“Yaylu!” Bandir called. He wandered the village in search of her, but she was nowhere to be seen. When he returned to the mourning crowd, the woman who had told him Yaylu was dead took him by the hand and led him to a body that lay crumpled in the snow.
“I am sorry,” she said, leaving Bandir.
Leaning down, Bandir wiped the snow from the face of the body. Staring up at him were green eyes, yet not as bright as they once were. Reaching out a hand, he closed her eyes and kissed her gently on her forehead. “Sleep well,” he whispered.
“Make sure they make a good song,” a familiar voice said from behind.
Bandir turned and looked at Yaylu, bathed in moonlight and more beautiful then he could ever remember. The villagers went about burying their dead, paying no attention to Bandir. “Why did you not tell me you were dead?”
Yaylu sighed. “I am not dead, my sweet. Together we are legends, and legends never die as long as they are remembered in story and song.” She looked around the village with a smile. “The dead are at resting now. I can see their spirits soaring.” She went to go, looked over her shoulder and said, “I must join them.”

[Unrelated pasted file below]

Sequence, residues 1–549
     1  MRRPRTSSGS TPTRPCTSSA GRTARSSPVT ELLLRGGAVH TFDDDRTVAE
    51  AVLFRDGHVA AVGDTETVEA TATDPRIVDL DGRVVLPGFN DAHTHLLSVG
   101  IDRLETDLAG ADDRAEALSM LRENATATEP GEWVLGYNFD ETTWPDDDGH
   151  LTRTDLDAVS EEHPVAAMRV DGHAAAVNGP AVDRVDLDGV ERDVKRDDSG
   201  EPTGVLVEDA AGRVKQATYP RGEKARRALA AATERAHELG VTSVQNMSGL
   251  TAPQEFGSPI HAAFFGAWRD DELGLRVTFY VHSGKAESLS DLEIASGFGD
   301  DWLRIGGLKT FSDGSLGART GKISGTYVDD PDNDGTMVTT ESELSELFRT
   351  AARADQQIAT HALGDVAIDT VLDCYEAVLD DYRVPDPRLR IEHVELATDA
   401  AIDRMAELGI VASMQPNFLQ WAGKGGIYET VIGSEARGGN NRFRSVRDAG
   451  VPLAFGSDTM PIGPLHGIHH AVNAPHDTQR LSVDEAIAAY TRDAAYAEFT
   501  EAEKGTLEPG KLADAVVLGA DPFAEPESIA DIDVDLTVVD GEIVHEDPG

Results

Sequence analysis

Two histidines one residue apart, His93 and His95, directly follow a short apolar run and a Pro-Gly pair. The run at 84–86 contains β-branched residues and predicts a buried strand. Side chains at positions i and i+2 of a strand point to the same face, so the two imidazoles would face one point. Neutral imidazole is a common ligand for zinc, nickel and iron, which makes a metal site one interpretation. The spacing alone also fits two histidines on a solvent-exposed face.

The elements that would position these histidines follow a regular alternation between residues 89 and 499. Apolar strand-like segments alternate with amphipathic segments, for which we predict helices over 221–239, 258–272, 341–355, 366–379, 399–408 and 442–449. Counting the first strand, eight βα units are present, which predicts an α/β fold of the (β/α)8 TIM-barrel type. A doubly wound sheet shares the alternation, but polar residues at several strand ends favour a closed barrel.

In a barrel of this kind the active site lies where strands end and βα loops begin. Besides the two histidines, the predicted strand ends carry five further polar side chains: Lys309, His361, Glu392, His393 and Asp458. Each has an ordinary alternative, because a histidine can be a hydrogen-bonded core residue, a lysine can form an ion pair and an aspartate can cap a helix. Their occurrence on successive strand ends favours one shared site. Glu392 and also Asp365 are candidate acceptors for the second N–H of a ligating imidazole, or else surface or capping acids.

“Do you have to go now?”
Yaylu nodded. “There are other worlds waiting.”
Bandir did not want her to leave. These moments felt like they were slipping away and he saw her begin to fade. “Wait! Can you take me?”
Yaylu smiled. “Not yet. But when you come, I will take you fishing.”
Bandir laughed and wiped the tears from his eyes. When he had looked back to Yaylu, she was gone.
The legend of Bandir and Yaylu was made into a song. Before Bandir left High Trees, he had made one request and the village bards had complied out of respect for the old hero. So the song of Yaylu was sung to the tune of Dragon’s Breath. The bard had told Bandir that he could write a much better melody, but Bandir insisted on the ancient tune.
“If I get the words wrong, I will at least get the tune right,” he said. “Besides, it is a good tune.”
Bandir returned to the wilds, unable to settle in High Trees, despite how welcome the villagers made him feel. So it was with a weary soul he went to the mountains. He was never seen again, but the bodies of trolls were often found at the foot of the mountains and Bandir became known as the Troll Hunter.
As the years went by, the legend became a myth. And a myth, Yaylu had once said, could never die.